To lure the best agile talent, an employer should emphasize the criteria above in their employer branding. Also, they should inculcate the best day-to-day practices for freelancers.
Not having an employer brand
Most young companies with the intent of creating an interactive culture tend to ignore the employer brand. Either they don’t create one or it is not good enough. It’s fine if the organization does not send the employer brand to its full-time employees. Still, an employer brand for freelancers is a great tool. There is no specific format to create branding for freelancers.
As mentioned previously, organizations should implement “WHY” in their brand to attract the best agile talent.
Creating an effective employer brand
An employer brand is a commitment made by the organization to the employee for providing certain work experience. However, creating and addressing the brand is just the beginning.
Five areas of organization and process make or break the quality of relationship an organization has with top freelancers. Consider a freelancer’s viewpoint. He expects authenticity in the employer brand. Even in most cases, false promises are generally caught red-handed. Also, they cost the organization. A survey by LinkedIn reported that significant variance between the employer brand statement and employee’s actual experience proved costly in a number of ways: they have to attract employees with higher pay, and fewer employees were interested to work there. The bottom line: Say less, do more.
In order to find the best practices for agile talent, you can view freelancers as customers of the organization. Bain consultants Katrina Bradley and Richard Hatherall suggested a series of principles to gain customer loyalty. Three of these customer-centric principles fit nicely in considering the ability to attract top freelancers:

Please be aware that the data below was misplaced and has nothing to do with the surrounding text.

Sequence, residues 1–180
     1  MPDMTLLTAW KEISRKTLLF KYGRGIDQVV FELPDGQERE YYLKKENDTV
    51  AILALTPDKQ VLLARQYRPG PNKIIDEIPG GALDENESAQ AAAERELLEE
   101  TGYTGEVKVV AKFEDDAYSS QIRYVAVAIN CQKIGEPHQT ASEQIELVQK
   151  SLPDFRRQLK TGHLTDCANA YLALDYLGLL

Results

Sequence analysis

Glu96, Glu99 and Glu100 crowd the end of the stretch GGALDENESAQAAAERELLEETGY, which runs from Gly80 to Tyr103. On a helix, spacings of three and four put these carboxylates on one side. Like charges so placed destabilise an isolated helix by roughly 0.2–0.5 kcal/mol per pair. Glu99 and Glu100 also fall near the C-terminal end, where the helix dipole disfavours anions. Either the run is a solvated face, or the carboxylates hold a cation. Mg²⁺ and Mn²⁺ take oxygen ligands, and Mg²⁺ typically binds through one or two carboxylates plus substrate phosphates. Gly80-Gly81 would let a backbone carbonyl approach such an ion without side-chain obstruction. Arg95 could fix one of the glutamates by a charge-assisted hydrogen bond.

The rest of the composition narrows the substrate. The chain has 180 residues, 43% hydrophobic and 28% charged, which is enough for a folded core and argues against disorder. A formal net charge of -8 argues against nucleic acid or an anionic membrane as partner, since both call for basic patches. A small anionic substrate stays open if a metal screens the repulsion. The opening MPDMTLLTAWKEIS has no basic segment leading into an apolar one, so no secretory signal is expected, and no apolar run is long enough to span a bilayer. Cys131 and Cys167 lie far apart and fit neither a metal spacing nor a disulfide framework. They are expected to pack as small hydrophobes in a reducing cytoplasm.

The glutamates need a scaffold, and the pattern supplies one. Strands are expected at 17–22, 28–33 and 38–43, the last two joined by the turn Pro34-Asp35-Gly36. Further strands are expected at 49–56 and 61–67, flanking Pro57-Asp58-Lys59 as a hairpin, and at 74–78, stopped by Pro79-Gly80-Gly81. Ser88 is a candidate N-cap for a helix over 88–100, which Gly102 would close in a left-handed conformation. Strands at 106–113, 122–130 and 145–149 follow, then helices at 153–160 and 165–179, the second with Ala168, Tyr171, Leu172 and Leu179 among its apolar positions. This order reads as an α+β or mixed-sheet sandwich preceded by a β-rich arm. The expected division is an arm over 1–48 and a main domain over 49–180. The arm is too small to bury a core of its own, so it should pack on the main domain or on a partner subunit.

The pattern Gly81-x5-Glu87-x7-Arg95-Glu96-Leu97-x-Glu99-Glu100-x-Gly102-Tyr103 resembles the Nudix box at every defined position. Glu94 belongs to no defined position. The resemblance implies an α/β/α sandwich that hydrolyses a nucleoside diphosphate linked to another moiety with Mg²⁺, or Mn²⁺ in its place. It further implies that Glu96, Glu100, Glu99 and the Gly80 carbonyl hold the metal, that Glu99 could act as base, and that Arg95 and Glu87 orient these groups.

- Examine the experience from the outside in: Bain reminds leaders that the intended experience of customers – or freelancers in this case – should drive decisions about structure and process, not the other way around.
- Meet customer expectations consistently: The obvious message: it’s not enough to depend on occasional success. Leaders must establish a baseline of consistent performance in building effective freelancer relationships.
- Differentiate where it matters most: The organizations that are best at attracting top freelancers are those that understand their most important needs best. For example, many organizations withhold freelancers’ pay until 60 or even 90 days after the freelancer invoices. Exploiting freelancers to manage cash flow is just not worth it, considering that reliable income is one of the highest priorities expressed by agile talent.
Several years ago, research by Towers Watson indicates that those companies who were meaningfully involved in the creation of employer brand were five times more likely to report highly engaged employees. Also, they tend to have financial performance above competitors who invested less in their employer brand. Furthermore, most companies fail to achieve these results. It is so because their actions are not consistent with the promises in the employer brand.
On a final note, it is clear that many organizations are swapping to a blended workforce. Since it is more efficient and provides quality work. Therefore, executives should insist on demonstrating freelancers and agile talent as driving forces of the company.